Punky’s Dilemma gets it on the lyric and the shuffling rhythm.

Bridge Over Troubled Water was a problem album to me. When it was new, a friend recruited me to help him cut a band’s Hammond organ in half for transport. It took us nearly three days without sleep, and the only record we had was Bridge and we left it on repeat throughout. For years after that over-exposure, the only song I could still take was Cecilia, though I loved Marsha Hunt’s version of Keep The Customer Satisfied but I fully realize now that the original is best. El Condor Pasa has become what that Peruvian group is playing in your local town centre, so I’d take The Only Living Boy In New York.

Live ’69 is an excellent live album, but nothing gets replaced because of it.

My Little Town comes from 1975 when they were getting together for an episode of Saturday Night Live. It was issued as a single, and appeared on two LPs simultaneously: Still Crazy After All These Years by Paul Simon and Breakaway by Art Garfunkel. It was written specifically for Art by Paul. Definitely an important track.

The Concert in Central Park? I want the version of The Late Great Johnny Ace from the DVD, so you can see their faces.

So another ten:

The 59th Street Bridge Song (Parsley, Sage, Rosemary and Thyme)
Keep The Customer Satisfied (Bridge Over Troubled Water)
My Little Town (CBS single, 1975)
Old Friends (Bookends)
Punky’s Dilemma (Bookends)
Save The Life Of My Child (Bookends)
The Dangling Conversation (Parsley, Sage, Rosemary and Thyme)
The Late Great Johnny Ace (The Concert in Central Park DVD)
The Only Living Boy In New York (Bridge Over Troubled Water)
Wednesday Morning, 3 a.m. (Wednesday Morning, 3 a.m.)

(We also need an 11th, For Emily, Whenever I May Find Her, if only so we can feature the video above … it’s beautiful. Ed.)

Official Simon & Garfunkel website

Simon & Garfunkel biography (iTunes)

TopperPost #69

3 Comments

  1. Colin Duncan
    Sep 13, 2013

    A ration of great music. I wouldn’t have Cecilia in my top twenty. The 59th Street Bridge Song would move into my Top Ten – the words ‘Feeling Groovy’, great drumming and the two interweaving voices at the end of a song. A lot going on in such a short song. I really like The Dangling Conversation because it reminds me of a time when education was seen as an end in itself, with many people being the first person from a family going onto higher education. Hope that last comment does not seem pretentious. And, Peter, For Emily , Whenever I Find Her would be high on my list. Like our ed I think it’s beautiful.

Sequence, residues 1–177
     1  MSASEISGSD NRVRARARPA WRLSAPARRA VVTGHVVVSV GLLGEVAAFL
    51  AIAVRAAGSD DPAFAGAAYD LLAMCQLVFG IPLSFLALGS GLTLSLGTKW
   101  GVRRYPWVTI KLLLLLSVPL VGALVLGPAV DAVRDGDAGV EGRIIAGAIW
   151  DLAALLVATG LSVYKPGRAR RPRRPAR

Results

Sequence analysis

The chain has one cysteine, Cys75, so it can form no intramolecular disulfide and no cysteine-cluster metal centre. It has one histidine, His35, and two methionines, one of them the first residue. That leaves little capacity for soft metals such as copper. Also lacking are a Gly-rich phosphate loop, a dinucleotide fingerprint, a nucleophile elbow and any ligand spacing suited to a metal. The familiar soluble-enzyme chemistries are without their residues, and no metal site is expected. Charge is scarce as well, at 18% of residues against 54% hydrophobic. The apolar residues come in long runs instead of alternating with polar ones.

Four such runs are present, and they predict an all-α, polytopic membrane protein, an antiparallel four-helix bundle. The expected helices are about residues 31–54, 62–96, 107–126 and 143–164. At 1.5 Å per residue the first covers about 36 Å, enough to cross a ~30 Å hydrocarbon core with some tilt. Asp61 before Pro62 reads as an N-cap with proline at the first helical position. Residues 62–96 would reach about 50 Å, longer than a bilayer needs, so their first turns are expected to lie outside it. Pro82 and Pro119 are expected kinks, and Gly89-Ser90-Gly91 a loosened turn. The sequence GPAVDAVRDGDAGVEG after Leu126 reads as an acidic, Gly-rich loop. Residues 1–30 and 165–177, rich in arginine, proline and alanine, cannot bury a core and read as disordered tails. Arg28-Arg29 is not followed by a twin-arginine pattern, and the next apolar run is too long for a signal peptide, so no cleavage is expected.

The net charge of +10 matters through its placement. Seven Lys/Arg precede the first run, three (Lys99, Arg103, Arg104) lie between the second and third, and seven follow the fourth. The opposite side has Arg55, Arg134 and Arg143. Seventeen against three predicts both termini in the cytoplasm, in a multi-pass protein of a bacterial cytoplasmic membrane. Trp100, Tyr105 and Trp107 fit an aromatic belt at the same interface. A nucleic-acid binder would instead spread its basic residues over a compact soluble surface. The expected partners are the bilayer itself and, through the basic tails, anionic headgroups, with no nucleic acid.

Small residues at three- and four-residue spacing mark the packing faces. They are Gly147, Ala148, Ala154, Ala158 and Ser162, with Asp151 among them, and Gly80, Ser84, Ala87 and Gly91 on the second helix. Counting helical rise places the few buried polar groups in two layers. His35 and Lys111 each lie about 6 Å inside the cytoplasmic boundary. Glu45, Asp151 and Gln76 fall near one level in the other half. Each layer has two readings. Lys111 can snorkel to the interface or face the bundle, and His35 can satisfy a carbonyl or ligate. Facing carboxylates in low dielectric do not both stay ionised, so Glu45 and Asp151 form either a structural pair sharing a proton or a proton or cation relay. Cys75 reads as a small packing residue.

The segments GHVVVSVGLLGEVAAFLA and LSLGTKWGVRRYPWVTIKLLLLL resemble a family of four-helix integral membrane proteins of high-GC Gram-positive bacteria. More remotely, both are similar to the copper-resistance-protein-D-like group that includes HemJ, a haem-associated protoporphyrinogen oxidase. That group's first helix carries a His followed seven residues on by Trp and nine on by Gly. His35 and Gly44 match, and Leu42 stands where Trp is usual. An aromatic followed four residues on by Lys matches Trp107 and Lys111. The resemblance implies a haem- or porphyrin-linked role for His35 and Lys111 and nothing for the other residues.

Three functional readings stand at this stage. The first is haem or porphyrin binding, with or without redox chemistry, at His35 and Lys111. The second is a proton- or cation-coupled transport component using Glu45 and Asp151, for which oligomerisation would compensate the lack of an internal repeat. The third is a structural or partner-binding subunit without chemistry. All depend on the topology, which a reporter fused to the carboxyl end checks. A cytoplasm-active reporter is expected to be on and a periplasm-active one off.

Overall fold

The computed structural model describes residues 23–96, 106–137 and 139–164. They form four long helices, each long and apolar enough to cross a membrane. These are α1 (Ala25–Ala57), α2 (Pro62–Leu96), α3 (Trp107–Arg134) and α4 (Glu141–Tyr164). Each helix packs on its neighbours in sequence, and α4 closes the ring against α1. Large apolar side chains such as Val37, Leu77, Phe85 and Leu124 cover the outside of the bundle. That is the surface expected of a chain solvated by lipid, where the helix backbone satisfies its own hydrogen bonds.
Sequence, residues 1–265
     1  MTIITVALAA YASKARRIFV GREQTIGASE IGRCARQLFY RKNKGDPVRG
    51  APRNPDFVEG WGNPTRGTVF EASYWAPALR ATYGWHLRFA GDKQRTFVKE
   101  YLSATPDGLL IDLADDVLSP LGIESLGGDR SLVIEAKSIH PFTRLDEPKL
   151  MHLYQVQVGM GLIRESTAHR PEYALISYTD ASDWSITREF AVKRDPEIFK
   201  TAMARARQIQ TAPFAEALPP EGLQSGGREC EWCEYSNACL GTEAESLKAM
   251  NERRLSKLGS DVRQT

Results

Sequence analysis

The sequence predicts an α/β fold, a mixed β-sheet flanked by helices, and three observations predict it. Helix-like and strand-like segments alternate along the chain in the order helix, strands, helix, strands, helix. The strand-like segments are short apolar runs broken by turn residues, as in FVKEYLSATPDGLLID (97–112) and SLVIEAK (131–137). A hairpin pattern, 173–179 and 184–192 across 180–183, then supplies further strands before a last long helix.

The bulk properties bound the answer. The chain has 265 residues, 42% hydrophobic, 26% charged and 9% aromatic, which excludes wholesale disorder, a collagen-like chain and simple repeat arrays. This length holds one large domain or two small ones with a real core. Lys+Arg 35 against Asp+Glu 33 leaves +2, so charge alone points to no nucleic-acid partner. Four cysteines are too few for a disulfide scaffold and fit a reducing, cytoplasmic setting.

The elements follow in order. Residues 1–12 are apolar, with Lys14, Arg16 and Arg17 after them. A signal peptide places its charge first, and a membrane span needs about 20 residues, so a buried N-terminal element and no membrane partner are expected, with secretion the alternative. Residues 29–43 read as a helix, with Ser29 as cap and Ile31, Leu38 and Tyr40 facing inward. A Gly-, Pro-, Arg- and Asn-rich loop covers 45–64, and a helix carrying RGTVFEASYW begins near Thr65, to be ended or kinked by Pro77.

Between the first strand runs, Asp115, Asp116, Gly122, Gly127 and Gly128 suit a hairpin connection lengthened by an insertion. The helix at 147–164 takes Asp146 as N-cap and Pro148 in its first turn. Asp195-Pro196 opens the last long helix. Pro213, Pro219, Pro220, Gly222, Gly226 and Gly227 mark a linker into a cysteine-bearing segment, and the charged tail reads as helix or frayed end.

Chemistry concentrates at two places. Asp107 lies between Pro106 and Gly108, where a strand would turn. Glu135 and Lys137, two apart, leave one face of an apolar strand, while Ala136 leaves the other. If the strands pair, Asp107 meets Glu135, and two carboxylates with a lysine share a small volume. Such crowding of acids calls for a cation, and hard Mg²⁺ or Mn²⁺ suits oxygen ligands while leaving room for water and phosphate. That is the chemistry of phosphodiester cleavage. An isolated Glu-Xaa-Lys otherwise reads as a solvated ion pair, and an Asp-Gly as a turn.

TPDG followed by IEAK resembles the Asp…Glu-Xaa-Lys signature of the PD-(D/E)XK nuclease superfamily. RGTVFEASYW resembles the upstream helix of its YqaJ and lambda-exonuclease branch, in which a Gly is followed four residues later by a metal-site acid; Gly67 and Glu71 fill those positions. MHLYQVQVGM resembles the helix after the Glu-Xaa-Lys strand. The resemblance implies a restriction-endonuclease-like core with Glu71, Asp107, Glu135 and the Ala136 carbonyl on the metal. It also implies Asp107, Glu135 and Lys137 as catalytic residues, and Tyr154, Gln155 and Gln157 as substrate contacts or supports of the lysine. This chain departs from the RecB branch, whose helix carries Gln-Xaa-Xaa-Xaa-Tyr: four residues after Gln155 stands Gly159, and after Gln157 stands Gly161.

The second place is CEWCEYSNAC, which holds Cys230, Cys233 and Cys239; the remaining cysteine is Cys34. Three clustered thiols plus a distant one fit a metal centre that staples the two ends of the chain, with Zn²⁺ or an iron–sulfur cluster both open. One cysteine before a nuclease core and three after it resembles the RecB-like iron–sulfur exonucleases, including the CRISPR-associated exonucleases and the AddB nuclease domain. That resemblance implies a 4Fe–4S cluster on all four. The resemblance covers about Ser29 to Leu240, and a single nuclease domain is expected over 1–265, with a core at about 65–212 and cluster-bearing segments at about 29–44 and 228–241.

‘we walked on frosted fields
    of juniper and lamplight’

    I’m going to listen to Bookends and check out Fakin’ It and Punky’s Dilemma.

  2. Rob Millis
    Sep 17, 2013

    Can’t argue with Peter’s Toppermost 10 at all, and especially pleased to see El Condor Pasa omitted for that most factual observation that Peter made on it.

    If you think town centres are bad for it, try travelling from Earls Court to Wimbledon Park on the District Line.

    I’ve even known one pan-pipe band get off at Parsons Green, and the carriage would breath a collective sigh, if a short lived one as another identical combo would board at East Putney. Joy.

  3. Roger Woods
    Mar 3, 2014

    Great list. I’d rather have Only Living Boy than Cecila. But then again I think Hazy Shade is a greater song. Bookends is a Desert Island album for me – probably as much to remember times and places as for the music. But it was the album when they really came together. America is perfection.